Carol Shaw: Gaming’s Hidden Heroine


Have you ever lost yourself in rebuilding (in some cases, improving) your own life in The Sims? You have the first professional full-time female game designer, Carol Shaw, to thank. Many of the most beloved games now such as Overwatch, Animal Crossing and Portal all had female game designers on the team as writers, programmers and directors. Even two of the Legend of Zelda games had a main female scriptwriter! 

None of this would have been possible without Carol Shaw and her most famous game, River Raid, which is widely regarded as one of the best games for the Atari 2600 (the dominant game system in North America in the 80s).

Carol Shaw was born in 1955 in Palo Alto, California to a mechanical engineer father and a stay-at-home mother. She studied at the University of California, Berkeley, graduated with a B.S. in Electrical Engineering and Computer Science and later completed an MSc in Computer Science. Her childhood was filled with technology, and she spent a lot of her childhood being fascinated by model railroading. However, she went to school in the 1970s, a time when women in technology were almost unheard of. Despite this, she persisted and was hired right out of university by Atari, in 1978.

During her time at Atari, she created many popular games, such as 3D Tic-Tac-Toe and Video Checkers, and she co-wrote and programmed Super Breakout and Othello for the Atari 2600. She also did work for the Atari 8-bit computers and developed the Calculator application and co-wrote the Atari BASIC Reference Manual with Keith Brewster. 

She left Atari in 1980 to work for Tandem Computing as an assembly language programmer, which I find especially impressive! She then joined Activision in 1982, where she would go on to do some of her best work. Her first (and most successful) game was the famed side-scroller River Raid, which sold more than one million copies, impressing players with advanced graphics for its time. She also programmed the puzzle game, Happy Trails, for Intellivision, a rival of the Atari 2600. This was another huge success, enabling her to leave Activision in 1984 and return to Tandem Computing, only to retire in 1990. She credits River Raid’s profits for allowing her to retire so early.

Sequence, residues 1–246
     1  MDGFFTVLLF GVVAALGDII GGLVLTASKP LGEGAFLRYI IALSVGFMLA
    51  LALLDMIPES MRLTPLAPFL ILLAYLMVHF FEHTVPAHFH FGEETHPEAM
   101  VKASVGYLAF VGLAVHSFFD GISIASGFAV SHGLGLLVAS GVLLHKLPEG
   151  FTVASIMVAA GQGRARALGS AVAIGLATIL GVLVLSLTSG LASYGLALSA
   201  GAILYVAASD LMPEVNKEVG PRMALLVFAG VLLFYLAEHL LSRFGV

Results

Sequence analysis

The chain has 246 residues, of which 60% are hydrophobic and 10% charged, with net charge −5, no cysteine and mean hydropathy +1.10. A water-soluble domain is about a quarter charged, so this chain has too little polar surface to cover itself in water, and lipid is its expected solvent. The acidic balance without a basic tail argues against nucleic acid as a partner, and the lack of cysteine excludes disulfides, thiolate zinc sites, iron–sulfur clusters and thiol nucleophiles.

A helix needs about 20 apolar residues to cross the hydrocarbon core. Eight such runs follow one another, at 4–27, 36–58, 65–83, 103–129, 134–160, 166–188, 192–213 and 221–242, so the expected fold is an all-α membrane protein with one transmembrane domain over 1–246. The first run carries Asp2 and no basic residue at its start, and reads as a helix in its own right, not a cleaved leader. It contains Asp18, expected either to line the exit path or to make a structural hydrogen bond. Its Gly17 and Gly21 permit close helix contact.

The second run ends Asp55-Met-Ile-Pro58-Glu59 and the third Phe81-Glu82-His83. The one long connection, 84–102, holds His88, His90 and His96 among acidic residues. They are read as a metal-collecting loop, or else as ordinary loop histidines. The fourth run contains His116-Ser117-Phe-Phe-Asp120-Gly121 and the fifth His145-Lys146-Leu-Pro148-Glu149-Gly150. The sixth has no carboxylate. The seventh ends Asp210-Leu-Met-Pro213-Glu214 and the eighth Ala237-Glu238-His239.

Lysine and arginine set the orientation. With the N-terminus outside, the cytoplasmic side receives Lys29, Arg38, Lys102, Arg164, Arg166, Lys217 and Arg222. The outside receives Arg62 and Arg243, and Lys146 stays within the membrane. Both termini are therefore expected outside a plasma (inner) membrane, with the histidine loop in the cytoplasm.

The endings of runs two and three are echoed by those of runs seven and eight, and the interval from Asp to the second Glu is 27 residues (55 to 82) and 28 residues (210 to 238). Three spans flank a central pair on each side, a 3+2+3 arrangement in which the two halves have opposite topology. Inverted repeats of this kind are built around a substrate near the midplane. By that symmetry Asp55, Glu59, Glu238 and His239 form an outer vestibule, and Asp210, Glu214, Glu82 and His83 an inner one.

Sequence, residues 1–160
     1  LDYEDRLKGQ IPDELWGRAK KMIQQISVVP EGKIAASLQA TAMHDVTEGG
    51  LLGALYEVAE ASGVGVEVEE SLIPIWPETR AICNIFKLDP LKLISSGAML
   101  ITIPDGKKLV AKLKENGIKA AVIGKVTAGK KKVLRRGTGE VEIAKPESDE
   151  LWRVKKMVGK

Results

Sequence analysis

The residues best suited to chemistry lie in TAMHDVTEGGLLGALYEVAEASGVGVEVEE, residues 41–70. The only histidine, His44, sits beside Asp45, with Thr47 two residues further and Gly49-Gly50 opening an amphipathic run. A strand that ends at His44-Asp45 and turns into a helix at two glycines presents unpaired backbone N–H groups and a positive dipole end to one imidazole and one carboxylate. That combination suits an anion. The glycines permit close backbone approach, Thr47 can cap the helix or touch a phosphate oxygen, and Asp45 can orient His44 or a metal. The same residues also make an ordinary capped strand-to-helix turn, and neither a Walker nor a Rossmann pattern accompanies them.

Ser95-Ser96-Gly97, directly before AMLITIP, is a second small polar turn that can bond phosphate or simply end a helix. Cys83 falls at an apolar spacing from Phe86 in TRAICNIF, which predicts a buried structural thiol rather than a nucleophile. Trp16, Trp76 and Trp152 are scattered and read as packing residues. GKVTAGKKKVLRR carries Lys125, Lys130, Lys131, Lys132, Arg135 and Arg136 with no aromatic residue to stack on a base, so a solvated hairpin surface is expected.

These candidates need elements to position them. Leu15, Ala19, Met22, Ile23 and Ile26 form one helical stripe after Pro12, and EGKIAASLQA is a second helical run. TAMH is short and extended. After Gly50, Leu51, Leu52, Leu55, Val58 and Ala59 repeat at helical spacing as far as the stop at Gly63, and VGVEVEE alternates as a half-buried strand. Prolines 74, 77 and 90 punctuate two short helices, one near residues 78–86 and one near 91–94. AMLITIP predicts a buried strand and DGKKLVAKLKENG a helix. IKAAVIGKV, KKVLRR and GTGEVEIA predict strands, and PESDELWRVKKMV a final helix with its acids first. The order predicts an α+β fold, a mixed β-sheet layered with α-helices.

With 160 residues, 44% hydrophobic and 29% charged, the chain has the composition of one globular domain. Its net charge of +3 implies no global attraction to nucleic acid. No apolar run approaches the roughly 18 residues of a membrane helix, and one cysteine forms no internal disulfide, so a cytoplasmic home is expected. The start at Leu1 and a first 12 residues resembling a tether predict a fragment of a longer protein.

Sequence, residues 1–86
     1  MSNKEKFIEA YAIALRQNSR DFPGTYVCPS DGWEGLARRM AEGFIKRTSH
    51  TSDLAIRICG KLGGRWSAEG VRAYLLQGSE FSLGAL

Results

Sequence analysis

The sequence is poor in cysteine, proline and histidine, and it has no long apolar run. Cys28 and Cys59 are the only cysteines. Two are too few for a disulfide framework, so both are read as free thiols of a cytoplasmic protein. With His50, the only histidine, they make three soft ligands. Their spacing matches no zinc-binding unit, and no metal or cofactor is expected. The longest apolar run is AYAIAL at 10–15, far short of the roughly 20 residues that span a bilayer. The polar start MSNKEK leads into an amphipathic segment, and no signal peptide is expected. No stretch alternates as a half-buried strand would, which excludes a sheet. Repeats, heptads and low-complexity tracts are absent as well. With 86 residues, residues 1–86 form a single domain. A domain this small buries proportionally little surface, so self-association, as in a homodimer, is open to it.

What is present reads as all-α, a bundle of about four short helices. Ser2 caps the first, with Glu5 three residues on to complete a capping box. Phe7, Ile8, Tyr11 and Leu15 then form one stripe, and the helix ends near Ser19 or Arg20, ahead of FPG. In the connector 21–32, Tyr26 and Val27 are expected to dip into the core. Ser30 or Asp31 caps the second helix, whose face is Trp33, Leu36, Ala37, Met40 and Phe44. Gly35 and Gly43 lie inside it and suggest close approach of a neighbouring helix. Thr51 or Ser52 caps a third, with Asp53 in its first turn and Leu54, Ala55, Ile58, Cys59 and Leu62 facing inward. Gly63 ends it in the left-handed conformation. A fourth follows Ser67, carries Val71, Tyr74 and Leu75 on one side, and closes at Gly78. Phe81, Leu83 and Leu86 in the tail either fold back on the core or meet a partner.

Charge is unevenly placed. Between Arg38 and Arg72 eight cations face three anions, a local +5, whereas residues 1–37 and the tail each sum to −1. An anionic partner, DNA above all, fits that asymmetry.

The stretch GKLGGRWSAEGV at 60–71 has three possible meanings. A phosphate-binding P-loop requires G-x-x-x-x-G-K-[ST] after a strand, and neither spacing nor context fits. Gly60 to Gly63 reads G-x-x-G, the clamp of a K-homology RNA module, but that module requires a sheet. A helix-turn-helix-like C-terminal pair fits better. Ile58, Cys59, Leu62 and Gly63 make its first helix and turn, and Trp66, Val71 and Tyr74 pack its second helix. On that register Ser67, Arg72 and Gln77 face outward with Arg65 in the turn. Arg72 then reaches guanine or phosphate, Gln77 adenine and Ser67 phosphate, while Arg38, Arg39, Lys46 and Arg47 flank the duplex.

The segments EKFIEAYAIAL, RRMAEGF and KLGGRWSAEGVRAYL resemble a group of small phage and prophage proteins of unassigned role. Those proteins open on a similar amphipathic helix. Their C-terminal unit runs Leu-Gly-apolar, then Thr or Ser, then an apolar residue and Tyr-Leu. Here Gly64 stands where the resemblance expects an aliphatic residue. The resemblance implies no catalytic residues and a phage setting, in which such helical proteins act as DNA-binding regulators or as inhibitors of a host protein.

After retiring, Carol Shaw did some volunteer work at the Foresight Institute, supporting the development of emerging technologies. 

In 2017, she received the Industry Icon award at The Game Awards and subsequently donated her game memorabilia (games, boxes, source code, designs) to the Strong National Museum of Play. In addition, she was the first female game designer to be inducted into the Academy of Interactive Arts and Science Hall of Fame.

Carol Shaw was (and still is!) a pioneer in video game designing and she is a huge inspiration to me, especially an aspiring female game designer, and I am so glad I was given the opportunity to write about her. Thanks to her, we have such amazing video game titles like the Legend of Zelda, Overwatch, Animal Crossing, and so many more. I hope that this article and her story and achievements can encourage other young girls to chase after every opportunity and persevere through every challenge they face, especially if they are exacerbated by discrimination like hers were.

By Nitya, Lower VI

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